Amniotic Mesenchymal Stromal Cells Exhibit Preferential Osteogenic and Chondrogenic Differentiation and Enhanced Matrix Production Compared With Adipose Mesenchymal Stromal Cells

Am J Sports Med. 2017 Sep;45(11):2637-2646. doi: 10.1177/0363546517706138. Epub 2017 May 25.


Background: Therapeutic efficacy of various mesenchymal stromal cell (MSC) types for orthopaedic applications is currently being investigated. While the concept of MSC therapy is well grounded in the basic science of healing and regeneration, little is known about individual MSC populations in terms of their propensity to promote the repair and/or regeneration of specific musculoskeletal tissues. Two promising MSC sources, adipose and amnion, have each demonstrated differentiation and extracellular matrix (ECM) production in the setting of musculoskeletal tissue regeneration. However, no study to date has directly compared the differentiation potential of these 2 MSC populations.

Purpose: To compare the ability of human adipose- and amnion-derived MSCs to undergo osteogenic and chondrogenic differentiation.

Study design: Controlled laboratory study.

Methods: MSC populations from the human term amnion were quantified and characterized via cell counting, histologic assessment, and flow cytometry. Differentiation of these cells in comparison to commercially purchased human adipose-derived mesenchymal stromal cells (hADSCs) in the presence and absence of differentiation media was evaluated via reverse transcription polymerase chain reaction (PCR) for bone and cartilage gene transcript markers and histology/immunohistochemistry to examine ECM production. Analysis of variance and paired t tests were performed to compare results across all cell groups investigated.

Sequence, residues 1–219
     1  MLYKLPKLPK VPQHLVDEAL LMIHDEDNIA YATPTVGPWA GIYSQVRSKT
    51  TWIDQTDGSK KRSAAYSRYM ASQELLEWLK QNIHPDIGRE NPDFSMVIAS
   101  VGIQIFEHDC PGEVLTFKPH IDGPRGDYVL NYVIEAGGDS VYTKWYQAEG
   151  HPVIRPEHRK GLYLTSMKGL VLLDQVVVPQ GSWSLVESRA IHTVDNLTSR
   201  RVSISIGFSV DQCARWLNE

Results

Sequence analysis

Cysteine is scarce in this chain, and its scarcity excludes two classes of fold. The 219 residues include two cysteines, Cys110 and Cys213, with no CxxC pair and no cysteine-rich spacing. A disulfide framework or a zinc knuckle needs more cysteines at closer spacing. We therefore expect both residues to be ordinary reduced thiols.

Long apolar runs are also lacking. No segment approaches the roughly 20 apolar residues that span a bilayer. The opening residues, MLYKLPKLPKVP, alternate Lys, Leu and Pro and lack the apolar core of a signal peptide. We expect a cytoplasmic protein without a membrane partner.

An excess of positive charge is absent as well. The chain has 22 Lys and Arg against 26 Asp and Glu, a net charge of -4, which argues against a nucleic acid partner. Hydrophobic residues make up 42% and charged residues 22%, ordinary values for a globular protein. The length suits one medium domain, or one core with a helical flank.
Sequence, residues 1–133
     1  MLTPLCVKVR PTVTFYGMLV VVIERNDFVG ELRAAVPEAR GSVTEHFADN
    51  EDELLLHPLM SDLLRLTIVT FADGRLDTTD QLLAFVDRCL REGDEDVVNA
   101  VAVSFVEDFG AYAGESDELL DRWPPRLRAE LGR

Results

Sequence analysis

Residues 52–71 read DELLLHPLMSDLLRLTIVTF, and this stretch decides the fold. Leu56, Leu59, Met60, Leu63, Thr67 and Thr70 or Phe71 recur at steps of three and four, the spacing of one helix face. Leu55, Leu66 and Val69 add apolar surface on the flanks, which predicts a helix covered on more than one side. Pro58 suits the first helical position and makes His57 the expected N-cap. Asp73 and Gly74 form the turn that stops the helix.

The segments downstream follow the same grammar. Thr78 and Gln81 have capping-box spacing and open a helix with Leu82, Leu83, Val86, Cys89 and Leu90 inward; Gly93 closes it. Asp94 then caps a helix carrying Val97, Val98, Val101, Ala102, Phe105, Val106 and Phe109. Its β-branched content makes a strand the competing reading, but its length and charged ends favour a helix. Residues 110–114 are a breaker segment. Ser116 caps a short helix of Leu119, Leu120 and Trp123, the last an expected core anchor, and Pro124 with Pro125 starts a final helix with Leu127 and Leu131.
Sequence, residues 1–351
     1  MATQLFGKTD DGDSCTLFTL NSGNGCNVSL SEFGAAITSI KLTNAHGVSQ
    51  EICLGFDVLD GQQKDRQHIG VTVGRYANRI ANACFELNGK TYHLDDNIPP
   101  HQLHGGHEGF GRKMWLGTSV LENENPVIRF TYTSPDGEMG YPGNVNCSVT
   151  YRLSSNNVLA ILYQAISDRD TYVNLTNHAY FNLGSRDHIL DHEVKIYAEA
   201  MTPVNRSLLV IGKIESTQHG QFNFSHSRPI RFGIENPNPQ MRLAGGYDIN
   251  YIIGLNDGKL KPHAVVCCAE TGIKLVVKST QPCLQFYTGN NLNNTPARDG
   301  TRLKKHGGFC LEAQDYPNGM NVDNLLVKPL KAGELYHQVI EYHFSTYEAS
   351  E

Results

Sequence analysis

Results: The authors confirmed that the human term amnion contains 2 primary cell types demonstrating MSC characteristics-(1) human amniotic epithelial cells (hAECs) and (2) human amniotic mesenchymal stromal cells (hAMSCs)-and each exhibited more than 90% staining for MSC surface markers (CD90, CD105, CD73). Average viable hAEC and hAMSC yields at harvest were 2.3 × 106 ± 3.7 × 105 and 1.6 × 106 ± 4.7 × 105 per milliliter of amnion, respectively. As well, hAECs and hAMSCs demonstrated significantly greater osteocalcin ( P = .025), aggrecan ( P < .0001), and collagen type 2 ( P = .044) gene expression compared with hADSCs, respectively, after culture in differentiation medium. Moreover, both hAECs and hAMSCs produced significantly greater quantities of mineralized ( P < .0001) and cartilaginous ( P = .0004) matrix at earlier time points compared with hADSCs when cultured under identical osteogenic and chondrogenic differentiation conditions, respectively.

Conclusion: Amnion-derived MSCs demonstrate a greater differentiation potential toward bone and cartilage compared with hADSCs.

Clinical relevance: Amniotic MSCs may be the source of choice in the regenerative treatment of bone or osteochondral musculoskeletal disease. They show significantly higher yields and better differentiation toward these tissues than MSCs derived from adipose.

Keywords: adipose; bone; cartilage; differentiation; orthopaedics; perinatal; regenerative medicine; stromal cell.

MeSH terms

  • Adipose Tissue / cytology*
  • Amnion / cytology*
  • Calcification, Physiologic
  • Cell Differentiation / physiology*
  • Cells, Cultured
  • Chondrogenesis / physiology*
  • Epithelial Cells / physiology
  • Extracellular Matrix / metabolism*
  • Flow Cytometry
  • Humans
  • Mesenchymal Stem Cells / cytology*
  • Osteogenesis / physiology*